2) Using a knife, finely chop the parsley and mint leaves. I know it is tempting to use the food processor (if you have one) to chop all ingredients at once, but it changes the herb’s flavour, so do it the traditional way. Add the chopped leaves to the wheat.

3) Dice the tomatoes and the onion. Add to the rest of the ingredients.

4) Mix olive oil and lime juice. Add to the rest of the salad, together with salt and pepper to taste.

5) Toss all ingredients together several times. Serve.

Finally, I toasted some pitta bread in the oven with a drizzle of olive oil and oregano, and served the guacamole in them.

I simply cut one pitta bread into rectangles, then sliced it diagonally to form triangles. I put these slices in an oven tray covered with aluminium foil, drizzled them with olive oil, added salt and oregano and put them in the oven at 200 C for 5 minutes.

This is how they looked when they were done. They are very crispy, flavourful,  and great for serving dips in them:


Have you had Tabbouleh and/or guacamole before? Dis you like them?

If you do like them, do you make your own at home too? Are your recipes similar to these ones or very different?

May you have a happy Wednesday. See you next week!

A summery table setting and a simple, refreshing salad


Summer in Cyprus is hot. Very. Hot. But this year it feels hotter due to the energy crisis caused by the destruction of the island’s main power plant. Things, however, are what they are and, I believe, it is for each of us to approach them with a positive attitude and make the best out of them. In my case, this means trying to add a little beauty to everyday life, and taking advantage of what we have.

We live in a apartment, so there is no garden or swimming pool where to spend our afternoons.  What we do have is a small balcony which we have surrounded by a straw fence to keep the strong  sun at bay, and where we can sit and relax, enjoying the sweet summer breeze when the sun is not too high. And, when weather permits it, we have lunch or dinner there too.

Last Monday, we did just that. It was not too hot (by our standards, anyway ;), so I  set up a happy summery table setting and served a quick early lunch in the balcony.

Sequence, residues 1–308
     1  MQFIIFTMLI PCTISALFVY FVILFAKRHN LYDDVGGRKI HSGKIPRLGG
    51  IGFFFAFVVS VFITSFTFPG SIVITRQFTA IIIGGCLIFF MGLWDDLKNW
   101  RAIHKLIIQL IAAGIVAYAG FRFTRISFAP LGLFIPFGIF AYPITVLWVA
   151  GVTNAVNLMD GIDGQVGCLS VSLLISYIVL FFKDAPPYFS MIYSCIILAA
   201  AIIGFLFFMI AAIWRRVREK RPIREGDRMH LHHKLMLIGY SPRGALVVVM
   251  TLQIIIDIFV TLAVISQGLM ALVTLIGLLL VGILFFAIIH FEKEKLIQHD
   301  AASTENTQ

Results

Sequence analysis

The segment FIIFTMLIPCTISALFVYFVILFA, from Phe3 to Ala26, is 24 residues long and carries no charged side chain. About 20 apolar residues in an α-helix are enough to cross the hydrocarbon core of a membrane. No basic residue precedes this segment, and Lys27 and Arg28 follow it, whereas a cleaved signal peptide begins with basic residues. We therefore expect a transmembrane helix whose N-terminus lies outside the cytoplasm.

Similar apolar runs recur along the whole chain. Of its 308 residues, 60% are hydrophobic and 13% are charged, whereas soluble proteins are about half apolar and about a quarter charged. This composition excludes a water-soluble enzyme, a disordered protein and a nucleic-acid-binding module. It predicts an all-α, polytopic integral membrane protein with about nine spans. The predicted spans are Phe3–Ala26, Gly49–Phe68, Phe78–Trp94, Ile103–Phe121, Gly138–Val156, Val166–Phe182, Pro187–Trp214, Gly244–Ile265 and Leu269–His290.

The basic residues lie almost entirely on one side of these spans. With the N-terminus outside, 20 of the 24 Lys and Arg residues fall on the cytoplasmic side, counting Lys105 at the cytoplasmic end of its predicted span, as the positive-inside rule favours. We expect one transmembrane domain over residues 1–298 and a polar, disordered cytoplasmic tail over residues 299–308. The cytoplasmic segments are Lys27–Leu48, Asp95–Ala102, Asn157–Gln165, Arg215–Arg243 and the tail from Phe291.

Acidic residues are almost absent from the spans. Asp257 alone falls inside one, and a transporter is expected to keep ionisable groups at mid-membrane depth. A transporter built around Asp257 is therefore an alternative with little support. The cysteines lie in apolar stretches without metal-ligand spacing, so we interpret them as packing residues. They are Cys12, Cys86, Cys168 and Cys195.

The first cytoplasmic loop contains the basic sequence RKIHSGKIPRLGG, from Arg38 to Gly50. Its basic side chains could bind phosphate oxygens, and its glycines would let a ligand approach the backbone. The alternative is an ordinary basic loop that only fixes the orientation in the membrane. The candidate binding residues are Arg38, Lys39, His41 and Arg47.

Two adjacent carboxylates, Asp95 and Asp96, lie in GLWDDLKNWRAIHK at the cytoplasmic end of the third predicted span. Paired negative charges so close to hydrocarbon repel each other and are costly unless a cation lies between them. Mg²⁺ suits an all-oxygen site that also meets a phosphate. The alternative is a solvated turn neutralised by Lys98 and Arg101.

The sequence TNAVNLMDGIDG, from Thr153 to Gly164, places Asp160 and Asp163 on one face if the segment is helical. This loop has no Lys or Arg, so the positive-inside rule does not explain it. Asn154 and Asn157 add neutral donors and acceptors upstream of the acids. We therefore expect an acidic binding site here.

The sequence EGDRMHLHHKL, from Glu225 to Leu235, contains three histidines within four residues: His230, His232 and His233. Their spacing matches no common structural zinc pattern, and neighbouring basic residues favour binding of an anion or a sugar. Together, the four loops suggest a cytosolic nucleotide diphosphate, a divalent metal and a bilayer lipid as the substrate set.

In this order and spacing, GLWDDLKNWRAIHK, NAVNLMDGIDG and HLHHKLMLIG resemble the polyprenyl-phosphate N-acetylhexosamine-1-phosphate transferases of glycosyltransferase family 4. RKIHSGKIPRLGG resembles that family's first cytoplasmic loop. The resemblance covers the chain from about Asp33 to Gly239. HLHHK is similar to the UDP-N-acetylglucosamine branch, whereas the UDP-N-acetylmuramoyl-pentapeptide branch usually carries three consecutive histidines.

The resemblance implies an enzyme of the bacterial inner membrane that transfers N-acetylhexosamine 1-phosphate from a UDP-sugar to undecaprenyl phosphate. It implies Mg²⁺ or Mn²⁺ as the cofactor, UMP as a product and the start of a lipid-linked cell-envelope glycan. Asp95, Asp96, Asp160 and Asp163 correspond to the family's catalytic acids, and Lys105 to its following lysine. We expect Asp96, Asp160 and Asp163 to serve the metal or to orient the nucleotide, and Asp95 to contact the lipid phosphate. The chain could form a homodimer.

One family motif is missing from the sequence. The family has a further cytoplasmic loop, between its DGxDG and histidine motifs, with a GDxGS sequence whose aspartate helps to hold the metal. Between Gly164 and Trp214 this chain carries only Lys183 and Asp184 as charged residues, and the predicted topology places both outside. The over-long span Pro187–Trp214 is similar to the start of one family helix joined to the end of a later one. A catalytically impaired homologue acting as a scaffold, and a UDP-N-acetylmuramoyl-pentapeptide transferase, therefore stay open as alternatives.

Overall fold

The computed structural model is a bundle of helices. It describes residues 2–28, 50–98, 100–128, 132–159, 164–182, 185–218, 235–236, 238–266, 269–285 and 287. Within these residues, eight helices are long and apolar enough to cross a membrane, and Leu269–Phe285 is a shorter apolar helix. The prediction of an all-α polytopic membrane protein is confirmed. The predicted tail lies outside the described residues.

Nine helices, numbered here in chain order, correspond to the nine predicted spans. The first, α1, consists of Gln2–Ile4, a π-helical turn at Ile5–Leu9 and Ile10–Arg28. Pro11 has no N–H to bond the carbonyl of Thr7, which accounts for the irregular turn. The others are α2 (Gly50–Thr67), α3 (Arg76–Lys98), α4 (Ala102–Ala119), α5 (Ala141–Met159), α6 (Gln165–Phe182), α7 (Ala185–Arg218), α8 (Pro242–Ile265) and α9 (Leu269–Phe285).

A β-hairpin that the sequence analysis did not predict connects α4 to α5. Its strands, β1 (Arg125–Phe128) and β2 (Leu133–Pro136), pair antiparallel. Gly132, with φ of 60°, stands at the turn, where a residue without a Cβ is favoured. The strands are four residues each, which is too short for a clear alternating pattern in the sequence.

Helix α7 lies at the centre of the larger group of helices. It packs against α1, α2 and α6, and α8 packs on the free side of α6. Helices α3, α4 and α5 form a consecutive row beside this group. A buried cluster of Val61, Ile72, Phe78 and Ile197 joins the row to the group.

I put a white tablecloth on the table, and used lime green napkins under the plates to add a little bit of colour.


I put lemmons on a glass vase to serve as centerpiece, and used a set of salt and pepper shakers that we had bought when we lived in Ivory Coast and that matched the table’s colour palette.


I served lemonade in small green bottles (that originally contained  German beer!) and added grey paper straws to them for the babies. And also for me, because I like them 😉


Using baker’s twine (in Peapod and Lemondrop, from the Twinery), I wrote “eat, drink, laugh” on a piece of paper and put it on a small frame, next to the lemons, to serve as  motto for the meal.


Finally, I folded yellow paper napkins on a pouch, added some ribbon and a paper circle (with Bon Appétit written in it) to dress it up a little, and placed the cutlery inside . You can download these and other tags for free from the Twinery’s blog here. All you have to do then  is to print them in cardboard paper and cut them using a 2″ circle punch or just a pair of scissors)




The menu consisted of different salads, dips and a delicious lemon coconut mousse. The following recipe corresponds to one of these salads, called Tzaziki,  which is traditional here in Cyprus and which, with some variations, is also very common in Serbia (where I actually discovered it and where it is called Tarator ). It is very refreshing, simple to make, and it tastes great with meat or simply with some pitta bread. At home we call it “cucumber salad”. I’ll share all other recipes in my next post!

In order to make Tarator/Tzaziki you will need: 1 cucumber, 1 clove of garlic, greek yogurt and a little bit of parsley.



The procedure couldn’t be simpler: Cut the cucumber into thin slices, and then chop them finely. Place it in a bowl.  Chop a clove of garlic (or half, if you are not a very garlicky person 😉 and add it to the cucumber. Add greek yogurt (500 ml) and mix well.  Chop a few parsley leaves to garnish.


This is the way I learnt to do it from my husband’s family, in Serbia. I should note, however, that here in Cyprus I learnt a different way which is equally delicious but a little bit different. In the Cypriot version they double the amount of cucumbers,  garlic is optional, they generally add 2 tablespoons of olive oil  and they replace parsley for dried mint. My recommendation: try both!


What’s the weather like these days where you live? How do you cope with it?

Have a lovely Wednesday and see you next week!